Chemistry is the science of matter, especially its chemical reactions, but also its composition, structure and properties. Chemistry is concerned with atoms and their interactions with other atoms, and particularly with the properties of chemical bonds. Chemistry is sometimes called “the central science” because it connects physics with other natural sciences such as geology and biology. Chemistry is a branch of physical science but distinct from physics.

Analytical chemistry is the study of the separation, identification, and quantification of the chemical components of natural and artificial materials. Qualitative analysis gives an indication of the identity of the chemical species in the sample and quantitative analysis determines the amount of one or more of these components. The separation of components is often performed prior to analysis.


Biochemistry, study of the chemical substances and processes that occur in plants, animals, and microorganisms and of the changes they undergo during development and life. It deals with the chemistry of life, and as such it draws on the techniques of analytical, organic, and physical chemistry, as well as those of physiologists concerned with the molecular basis of vital processes. All chemical changes within the organism—either the degradation of substances, generally to gain necessary energy, or the buildup of complex molecules necessary for life processes—are collectively termed Anchormetabolism.

Physical and Theoretical Chemistry

Theoretical chemistry seeks to provide theories that explain chemical observations. Often, it uses mathematical and computational methods that, at times, require advanced knowledge. Quantum chemistry, the application of quantum mechanics to the understanding of valency, is a major component of theoretical chemistry. Other major components include molecular dynamics, statistical thermodynamics and theories of electrolyte solutions, reaction networks, polymerization and catalysis.

Computational Chemistry

Computational chemistry is a branch of chemistry that uses principles of computer science to assist in solving chemical problems. It uses the results of theoretical chemistry, incorporated into efficient computer programs, to calculate the structures and properties of molecules and solids. Its necessity arises from the well-known fact that apart from relatively recent results concerning the hydrogen molecular ion (see references therein for more details), the quantum n-body problem cannot be solved analytically, much less in closed form. While its results normally complement the information obtained by chemical experiments, it can in some cases predict hitherto unobserved chemical phenomena. It is widely used in the design of new drugs and materials.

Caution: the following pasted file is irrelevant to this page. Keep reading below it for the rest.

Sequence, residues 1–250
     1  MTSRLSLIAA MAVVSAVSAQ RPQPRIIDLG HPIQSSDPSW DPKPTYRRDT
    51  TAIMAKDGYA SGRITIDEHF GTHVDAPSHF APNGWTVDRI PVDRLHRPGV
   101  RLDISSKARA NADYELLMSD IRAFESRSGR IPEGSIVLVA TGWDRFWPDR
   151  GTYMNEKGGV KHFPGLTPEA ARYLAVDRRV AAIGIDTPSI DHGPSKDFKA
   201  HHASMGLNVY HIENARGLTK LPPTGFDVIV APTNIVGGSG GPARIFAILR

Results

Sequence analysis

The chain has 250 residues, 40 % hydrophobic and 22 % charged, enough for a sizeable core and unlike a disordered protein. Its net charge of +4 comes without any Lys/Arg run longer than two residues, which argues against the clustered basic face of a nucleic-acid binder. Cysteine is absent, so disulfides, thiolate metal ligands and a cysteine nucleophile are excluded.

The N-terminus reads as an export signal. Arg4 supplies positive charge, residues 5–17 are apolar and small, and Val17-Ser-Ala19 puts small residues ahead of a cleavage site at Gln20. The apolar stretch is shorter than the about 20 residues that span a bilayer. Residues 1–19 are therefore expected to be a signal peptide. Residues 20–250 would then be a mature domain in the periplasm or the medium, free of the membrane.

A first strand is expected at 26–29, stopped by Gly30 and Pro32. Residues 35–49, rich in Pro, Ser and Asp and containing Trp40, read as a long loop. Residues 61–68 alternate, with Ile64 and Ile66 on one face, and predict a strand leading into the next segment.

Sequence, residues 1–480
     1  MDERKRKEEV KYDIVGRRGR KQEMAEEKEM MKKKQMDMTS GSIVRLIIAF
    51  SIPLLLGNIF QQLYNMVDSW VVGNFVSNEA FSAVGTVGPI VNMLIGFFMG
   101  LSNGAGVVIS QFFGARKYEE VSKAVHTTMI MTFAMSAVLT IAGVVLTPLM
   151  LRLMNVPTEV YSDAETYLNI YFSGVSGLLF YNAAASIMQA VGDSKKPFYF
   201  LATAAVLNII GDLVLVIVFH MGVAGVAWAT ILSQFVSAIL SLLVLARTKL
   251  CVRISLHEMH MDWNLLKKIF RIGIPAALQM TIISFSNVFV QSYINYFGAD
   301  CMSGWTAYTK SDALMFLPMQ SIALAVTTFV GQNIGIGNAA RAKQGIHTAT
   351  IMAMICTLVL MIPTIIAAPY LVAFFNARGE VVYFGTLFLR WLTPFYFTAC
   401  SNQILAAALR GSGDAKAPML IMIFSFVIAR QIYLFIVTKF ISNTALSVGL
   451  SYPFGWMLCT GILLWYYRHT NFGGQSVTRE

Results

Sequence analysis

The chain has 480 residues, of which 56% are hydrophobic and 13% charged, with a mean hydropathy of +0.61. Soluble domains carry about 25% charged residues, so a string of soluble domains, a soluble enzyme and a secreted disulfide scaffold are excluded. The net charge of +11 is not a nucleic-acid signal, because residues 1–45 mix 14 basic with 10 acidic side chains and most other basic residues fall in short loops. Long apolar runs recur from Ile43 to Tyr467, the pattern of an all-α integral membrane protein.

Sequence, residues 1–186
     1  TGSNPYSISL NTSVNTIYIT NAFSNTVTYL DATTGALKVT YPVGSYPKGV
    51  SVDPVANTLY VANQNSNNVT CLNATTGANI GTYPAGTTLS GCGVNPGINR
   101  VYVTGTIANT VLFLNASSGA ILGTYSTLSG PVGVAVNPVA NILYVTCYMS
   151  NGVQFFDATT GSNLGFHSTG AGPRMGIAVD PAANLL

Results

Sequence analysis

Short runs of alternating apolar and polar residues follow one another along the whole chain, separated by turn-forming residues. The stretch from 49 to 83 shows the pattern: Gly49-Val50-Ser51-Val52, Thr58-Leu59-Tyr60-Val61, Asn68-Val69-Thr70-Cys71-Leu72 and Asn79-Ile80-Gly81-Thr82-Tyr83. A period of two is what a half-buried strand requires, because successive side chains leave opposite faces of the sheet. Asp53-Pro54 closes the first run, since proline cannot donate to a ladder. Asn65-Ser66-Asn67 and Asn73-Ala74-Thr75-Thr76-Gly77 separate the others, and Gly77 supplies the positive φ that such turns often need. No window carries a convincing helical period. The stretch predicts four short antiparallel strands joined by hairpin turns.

Crystallography is the science of the arrangement of atoms in solids. The word “crystallography” derives from the Greek words crystallon = cold drop / frozen drop, with its meaning extending to all solids with some degree of transparency, and grapho = write. Before the development of X-ray diffraction crystallography , the study of crystals was based on their geometry. This involves measuring the angles of crystal faces relative to theoretical reference axes (crystallographic axes), and establishing the symmetry of the crystal in question. The former is carried out using a goniometer. The position in 3D space of each crystal face is plotted on a stereographic net, e.g. Wulff net or Lambert net. In fact, the pole to each face is plotted on the net. Each point is labelled with its Miller index. The final plot allows the symmetry of the crystal to be established.

Inorganic Chemistry

Inorganic chemistry is the branch of chemistry concerned with the properties and behavior of inorganic compounds. This field covers all chemical compounds except the myriad organic compounds (carbon based compounds, usually containing C-H bonds), which are the subjects of organic chemistry. The distinction between the two disciplines is far from absolute, and there is much overlap, most importantly in the sub-discipline of organometallic chemistry.

Organic Chemistry

Organic chemistry is a subdiscipline within chemistry involving the scientific study of the structure, properties, composition, reactions, and preparation (by synthesis or by other means) of carbon-based compounds, hydrocarbons, and their derivatives. These compounds may contain any number of other elements, including hydrogen, nitrogen, oxygen, the halogens as well as phosphorus, silicon, and sulfur.